Diego de Salinas

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Diego de Salinas
The Last of Gibraltar, by Augusto Ferrer-Dalmau. It depicts Diego de Salinas in 1704, with the Rock of Gibraltar in the background.
Birth nameDiego Esteban Gómez de Salinas y Rodríguez de Villarroel
Born(1649-08-03)3 August 1649
Madrid, Spain
Died27 November 1720(1720-11-27) (aged 71)
Madrid, Spain
Allegiance Spain
Commands heldLast Spanish Governor of Gibraltar
Battles/warsCapture of Gibraltar

Don Diego Esteban Gómez de Salinas y Rodríguez de Villarroel (Madrid, 3 August 1649 – 27 November 1720) was the last Spanish Governor of Gibraltar.[1] He held the post when The Rock was captured by an Anglo-Dutch fleet in August 1704.[2]


Salinas y Rodríguez was the son of Pedro Gómez Salinas and Agustina Rodríguez de Villarroel, aristocrats of the small nobility (from Burgos, by his father's side and Valladolid, by his mother's side). He began in the army as a page of the Constable of Castile, Iñigo Fernández de Velasco. He made a quick career, being promoted to ensign of cavalry and rising to the rank of captain of infantry before the age of 20. He took part in battles in the Netherlands, and was promoted to the rank of captain of cavalry in 1670. Salinas fought in the Franco-Dutch War, and remained in the Netherlands until 1673, when he returned to Spain and was directed to the army of Catalonia. In 1675, he was wounded in combat in the defense of Puigcerdà which was being attacked by the French. In December 1677, he returned to Murcia.[1]

In 1685, Salinas y Rodríguez served as the field marshal of the Spanish infantry in Pamplona, and he requested admission into the Order of Santiago. This request was accepted after a thorough investigation of his ancestry. In Pamplona, he participated in battles of the Nine Years' War against the French in the hills of Alduide, where he managed to expel the invaders.[1]

In June 1697, now with the rank of general of battle, he moved to Barcelona in an attempt to stop the advance of the French troops of the Duke of Vendôme. However, on 7 July, the city surrendered, and on 15 August Salinas's troops left the site. With the end of hostilities, Salinas was appointed “Sergeant Battle General” and given command of Girona, where he entered as acting governor in 1698, after the departure of the French. There he would remain at least until 1700, when he was appointed military governor (alcaide) of Gibraltar.[1]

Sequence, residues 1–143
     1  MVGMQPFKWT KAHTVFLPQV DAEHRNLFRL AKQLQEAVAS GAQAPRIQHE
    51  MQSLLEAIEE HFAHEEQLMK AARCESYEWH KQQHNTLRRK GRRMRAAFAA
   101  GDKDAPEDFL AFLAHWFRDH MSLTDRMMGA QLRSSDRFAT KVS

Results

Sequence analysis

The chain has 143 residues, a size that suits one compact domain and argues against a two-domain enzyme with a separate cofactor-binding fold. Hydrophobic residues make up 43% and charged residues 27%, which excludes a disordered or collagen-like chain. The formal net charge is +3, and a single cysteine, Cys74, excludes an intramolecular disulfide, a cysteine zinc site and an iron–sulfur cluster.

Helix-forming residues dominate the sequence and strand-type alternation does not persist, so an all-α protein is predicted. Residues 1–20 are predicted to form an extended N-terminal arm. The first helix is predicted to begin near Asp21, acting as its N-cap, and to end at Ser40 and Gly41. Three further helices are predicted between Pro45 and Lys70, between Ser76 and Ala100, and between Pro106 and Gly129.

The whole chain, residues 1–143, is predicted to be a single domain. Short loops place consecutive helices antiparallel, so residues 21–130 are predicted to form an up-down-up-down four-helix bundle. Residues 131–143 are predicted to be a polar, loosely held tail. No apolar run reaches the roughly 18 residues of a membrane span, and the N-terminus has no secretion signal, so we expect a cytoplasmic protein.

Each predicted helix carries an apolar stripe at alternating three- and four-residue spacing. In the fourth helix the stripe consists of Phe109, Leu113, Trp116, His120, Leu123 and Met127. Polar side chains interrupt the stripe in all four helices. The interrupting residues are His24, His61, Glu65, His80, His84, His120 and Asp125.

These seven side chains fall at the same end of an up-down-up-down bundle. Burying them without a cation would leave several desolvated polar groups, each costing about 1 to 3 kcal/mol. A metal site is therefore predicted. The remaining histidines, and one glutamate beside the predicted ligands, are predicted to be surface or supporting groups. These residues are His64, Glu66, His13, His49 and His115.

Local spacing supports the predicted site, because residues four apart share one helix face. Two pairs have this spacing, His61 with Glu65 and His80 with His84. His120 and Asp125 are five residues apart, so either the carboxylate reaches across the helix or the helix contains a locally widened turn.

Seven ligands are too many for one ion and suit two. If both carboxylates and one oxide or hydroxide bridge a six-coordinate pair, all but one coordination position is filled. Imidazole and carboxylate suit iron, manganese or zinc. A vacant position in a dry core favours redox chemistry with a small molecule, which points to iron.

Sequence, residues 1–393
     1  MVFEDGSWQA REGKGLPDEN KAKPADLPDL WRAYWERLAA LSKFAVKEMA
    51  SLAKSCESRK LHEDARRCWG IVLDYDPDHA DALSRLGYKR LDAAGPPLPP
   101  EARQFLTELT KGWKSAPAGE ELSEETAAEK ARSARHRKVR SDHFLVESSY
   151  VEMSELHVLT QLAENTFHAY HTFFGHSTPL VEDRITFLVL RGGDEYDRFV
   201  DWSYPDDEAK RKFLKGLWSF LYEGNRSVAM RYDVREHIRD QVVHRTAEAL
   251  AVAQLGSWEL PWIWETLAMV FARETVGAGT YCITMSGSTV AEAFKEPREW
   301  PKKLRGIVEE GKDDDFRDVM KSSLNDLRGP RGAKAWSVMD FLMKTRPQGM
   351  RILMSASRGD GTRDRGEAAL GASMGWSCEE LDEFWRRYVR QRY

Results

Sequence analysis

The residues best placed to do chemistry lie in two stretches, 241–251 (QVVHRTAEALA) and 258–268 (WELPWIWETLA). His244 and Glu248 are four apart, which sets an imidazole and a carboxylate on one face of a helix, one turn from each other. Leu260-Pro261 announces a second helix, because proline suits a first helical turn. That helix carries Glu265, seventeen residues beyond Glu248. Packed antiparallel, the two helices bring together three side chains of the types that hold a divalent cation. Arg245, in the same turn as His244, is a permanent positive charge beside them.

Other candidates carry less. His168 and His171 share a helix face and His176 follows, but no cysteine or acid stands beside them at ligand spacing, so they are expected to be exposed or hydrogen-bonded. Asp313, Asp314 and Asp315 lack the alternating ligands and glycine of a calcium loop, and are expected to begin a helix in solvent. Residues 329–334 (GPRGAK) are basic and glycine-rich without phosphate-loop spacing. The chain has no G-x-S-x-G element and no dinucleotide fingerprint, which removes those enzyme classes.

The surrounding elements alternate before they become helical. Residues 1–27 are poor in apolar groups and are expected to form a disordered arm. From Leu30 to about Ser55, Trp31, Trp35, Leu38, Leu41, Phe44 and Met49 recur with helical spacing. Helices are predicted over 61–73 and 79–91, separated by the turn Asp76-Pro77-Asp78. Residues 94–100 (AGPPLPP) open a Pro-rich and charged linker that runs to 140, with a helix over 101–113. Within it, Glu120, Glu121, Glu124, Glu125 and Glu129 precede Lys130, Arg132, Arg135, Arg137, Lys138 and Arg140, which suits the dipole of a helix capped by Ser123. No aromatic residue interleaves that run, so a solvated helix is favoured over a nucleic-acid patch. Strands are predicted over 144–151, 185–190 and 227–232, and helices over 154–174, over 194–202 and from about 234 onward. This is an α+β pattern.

The Capture of Gibraltar[edit]

Salinas y Rodríguez was appointed Governor of Gibraltar by Philip V in December 1701. He arrived on The Rock in early 1702. With the start of hostilities in the War of the Spanish Succession and the threat of the Anglo-Dutch fleet, Salinas y Rodríguez requested reinforcements which were never sent.[1] On 1 August 1704, English marines under the command of Prince George of Hesse-Darmstadt (who had been Viceroy of Catalonia until 1701[3] ) landed on the isthmus north of The Rock from the Bay of Gibraltar and after preparing a three-pronged attack plan sent a message asking for surrender.[2] Salinas did not accept, and the city came under investment on 3 August by the Anglo-Dutch fleet.[2] Recognising the gravity of the situation and the futility of further resistance, Salinas y Rodríguez surrendered on the morning of 4 August.[1][4]

The capture of the city was apparently facilitated by the lack of a garrison capable of dealing with the Grand Alliance forces, and not for lack of ammunition and artillery pieces in good condition.[1][2]

After Gibraltar[edit]

Diego de Salinas leaving Gibraltar

Some of his contemporaries, however, were critical of the Governor, recalling the episode of the capitulation of Barcelona in 1697. Nevertheless, Philip V seemed not to have taken such opinions into account as Salinas y Rodríguez was appointed Governor of Villaescusa de Haro, in Cuenca, in 1706 where he remained in a kind of voluntary exile until close to his death, when he returned to Madrid. He died in his hometown on 27 November 1720, leaving all his possessions to his sister, Francisca.[1]


  1. ^ a b c d e f g h José María Lázaro Bruña. "Brevísima Biografía de Don Diego Gómez de Salinas" (PDF) (in Spanish). Archived from the original (PDF) on 2014-02-01. Retrieved 2012-09-03.
  2. ^ a b c d Clive Finlayson; Darren Fa (2006). The Fortifications of Gibraltar 1068–1945. pp. 23–24. ISBN 9781846030161. Retrieved 2012-09-03.
  3. ^ Bromley, J.S. (1970-07-02). The New Cambridge Modern History: Volume 6, The Rise of Great Britain and Russia, 1688-1715/25 p.362. ISBN 9780521075244.
  4. ^ Ignacio López de Ayala (1845). The history of Gibraltar: from the earliest period of its occupation by the Saracens. William Pickering. p. 135. Retrieved 2012-09-03. Diego de salinas gibraltar.

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